As usual, we blindly follow the GMC in their practices, regardless of whether it has worked or not and regardless of whether it adds value. As a nurse manager with responsibility for Dr revalidation, I witnessed first hand the time and effort it took to revalidate one Dr (I have managerial responsibility for 12) and how ultimately, it was a paper exercise, open to abuse. The managerial man hours I devoted, and continue to devote, to this process is enormous. Who would want to be a manager these days?

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  • Anonymous

    I think its time to scrap my registration , too much hassel , hard work and abuse for not enough reward. This profession is all take , everyone wants a piece of you. Ward nurses are struggling with ever increasing workloads ,unsafe working conditions and staff shortages ,now this. After 30 years I have watched the job I once loved deteriorate to what it is today, paperwork ,pen pushers , nit pickers and jobsworths, sorry but I have had enough it used to be about caring for patients- what went wrong?

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  • Anonymous

    I have to confess amusement at the skill with witch the NMC have increased registration fees over the last few years (to cover administration) and have adeptly handed 'revalidation' over to the Trusts managers!

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  • Anonymous

    I agree with all the comments posted. I am relieved to have only a few years left in the so called nursing profession. I have worked at all levels within nursing and find myself disillusioned by the NMC stance on how it supposedly supports it's members. As one person has put it, they blindly follow the GMC - regardless of whether revalidation of doctors has proved itself to be an effective way of determining quality care. I think not. We are deemed to be professionals by the NMC but clearly not enough to ask us what we think about revalidation!

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  • Anonymous

    I dont see how this is going to add value to my practise. I have noted that over the last 22years, being told that I need to update, drop a lot of practises, evidence based paractise only to be brought back as new evidence. Nursing has progressed in theory but not reality. Infact, on the ground, its worse off than what it was. I just think this revalidation business is gonna be a hassle, a lot of ass-licking managers to complete it for you. I can actually count the times I've had an appraisal. I dont know what happened to the rest coz managers was busy, maternity leave, off-sick etc. I got tired of it all. Also, I wonder who will complete validation for full-time agency staff.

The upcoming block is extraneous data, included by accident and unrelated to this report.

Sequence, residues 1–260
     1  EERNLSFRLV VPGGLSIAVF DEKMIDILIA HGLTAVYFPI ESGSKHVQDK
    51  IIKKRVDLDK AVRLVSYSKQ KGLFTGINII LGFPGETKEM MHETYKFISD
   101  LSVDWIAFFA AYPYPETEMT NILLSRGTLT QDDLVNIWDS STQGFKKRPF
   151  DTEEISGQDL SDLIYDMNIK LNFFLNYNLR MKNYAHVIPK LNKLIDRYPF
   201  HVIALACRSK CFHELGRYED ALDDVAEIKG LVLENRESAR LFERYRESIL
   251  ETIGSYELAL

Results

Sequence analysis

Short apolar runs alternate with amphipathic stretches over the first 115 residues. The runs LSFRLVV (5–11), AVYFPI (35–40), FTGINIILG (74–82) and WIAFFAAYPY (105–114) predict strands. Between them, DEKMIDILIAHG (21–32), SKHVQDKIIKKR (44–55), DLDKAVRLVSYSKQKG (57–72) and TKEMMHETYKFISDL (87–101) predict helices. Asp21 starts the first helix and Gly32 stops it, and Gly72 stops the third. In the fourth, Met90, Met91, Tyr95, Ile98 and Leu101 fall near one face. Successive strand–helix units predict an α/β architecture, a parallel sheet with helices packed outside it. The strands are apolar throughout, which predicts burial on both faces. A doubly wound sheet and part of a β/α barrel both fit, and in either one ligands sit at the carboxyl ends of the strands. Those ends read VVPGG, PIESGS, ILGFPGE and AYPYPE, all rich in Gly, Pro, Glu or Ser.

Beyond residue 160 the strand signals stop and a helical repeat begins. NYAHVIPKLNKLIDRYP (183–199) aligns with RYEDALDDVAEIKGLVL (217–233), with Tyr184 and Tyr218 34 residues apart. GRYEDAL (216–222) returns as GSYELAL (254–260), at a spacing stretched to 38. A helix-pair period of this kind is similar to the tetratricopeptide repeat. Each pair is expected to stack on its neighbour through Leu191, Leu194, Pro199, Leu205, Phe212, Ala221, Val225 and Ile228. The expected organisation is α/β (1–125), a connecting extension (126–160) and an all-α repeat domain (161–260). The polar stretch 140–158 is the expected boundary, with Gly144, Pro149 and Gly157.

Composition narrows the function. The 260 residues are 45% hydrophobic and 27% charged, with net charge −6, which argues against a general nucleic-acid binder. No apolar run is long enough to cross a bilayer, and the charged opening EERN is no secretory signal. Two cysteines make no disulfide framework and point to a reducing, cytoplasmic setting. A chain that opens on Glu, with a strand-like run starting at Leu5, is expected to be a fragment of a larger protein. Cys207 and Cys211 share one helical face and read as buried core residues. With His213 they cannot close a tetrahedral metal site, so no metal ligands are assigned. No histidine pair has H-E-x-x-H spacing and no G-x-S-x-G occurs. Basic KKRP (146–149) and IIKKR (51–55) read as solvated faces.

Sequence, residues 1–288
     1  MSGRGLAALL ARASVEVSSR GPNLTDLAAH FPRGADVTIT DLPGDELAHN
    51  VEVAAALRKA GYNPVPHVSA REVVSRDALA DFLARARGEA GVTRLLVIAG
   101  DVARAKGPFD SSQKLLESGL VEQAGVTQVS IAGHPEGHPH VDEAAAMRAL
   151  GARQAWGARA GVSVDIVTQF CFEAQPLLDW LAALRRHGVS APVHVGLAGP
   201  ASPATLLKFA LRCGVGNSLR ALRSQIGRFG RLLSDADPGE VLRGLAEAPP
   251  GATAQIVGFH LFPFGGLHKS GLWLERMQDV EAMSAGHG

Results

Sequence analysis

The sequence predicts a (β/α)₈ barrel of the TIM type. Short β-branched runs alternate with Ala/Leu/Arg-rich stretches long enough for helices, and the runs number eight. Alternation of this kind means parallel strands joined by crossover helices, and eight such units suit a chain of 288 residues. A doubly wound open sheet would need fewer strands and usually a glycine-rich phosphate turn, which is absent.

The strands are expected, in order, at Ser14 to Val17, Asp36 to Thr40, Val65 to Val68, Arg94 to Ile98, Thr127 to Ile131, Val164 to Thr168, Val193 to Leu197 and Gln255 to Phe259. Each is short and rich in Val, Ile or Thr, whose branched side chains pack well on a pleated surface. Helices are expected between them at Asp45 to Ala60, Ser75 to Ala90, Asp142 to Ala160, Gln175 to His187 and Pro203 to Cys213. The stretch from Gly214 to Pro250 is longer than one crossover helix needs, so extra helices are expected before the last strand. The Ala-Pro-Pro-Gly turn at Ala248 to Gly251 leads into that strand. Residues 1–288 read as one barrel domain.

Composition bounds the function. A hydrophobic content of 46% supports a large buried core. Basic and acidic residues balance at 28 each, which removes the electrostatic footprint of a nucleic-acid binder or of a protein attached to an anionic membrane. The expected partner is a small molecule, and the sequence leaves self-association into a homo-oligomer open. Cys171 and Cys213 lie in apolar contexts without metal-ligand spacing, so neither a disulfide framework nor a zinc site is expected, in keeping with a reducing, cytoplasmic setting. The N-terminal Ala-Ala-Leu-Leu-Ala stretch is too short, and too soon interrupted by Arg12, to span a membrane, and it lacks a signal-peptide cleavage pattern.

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  • Anonymous

    Such valid points above! I completely agree with the above and have to wander what state is the NHS is going to be in when nurses decide this profession is simply to much like hard work, as we are already over worked with staff shortages and under paid and now the NMC are asking tired, worn out nurses to spend their days off revalidating and stressing over getting feedback from already over work managers surely those sitting in offices should step out once in a while and see what its really like out there for us workers. I feel this will put the NHS into a bigger mess than what its already in as nurses will give up their profession and ultimately the patients who you are trying to protect will actually be the ones that suffer but not at the hands of the nurses but at the hands of the NMC need to put more stress on already stressed nurses!!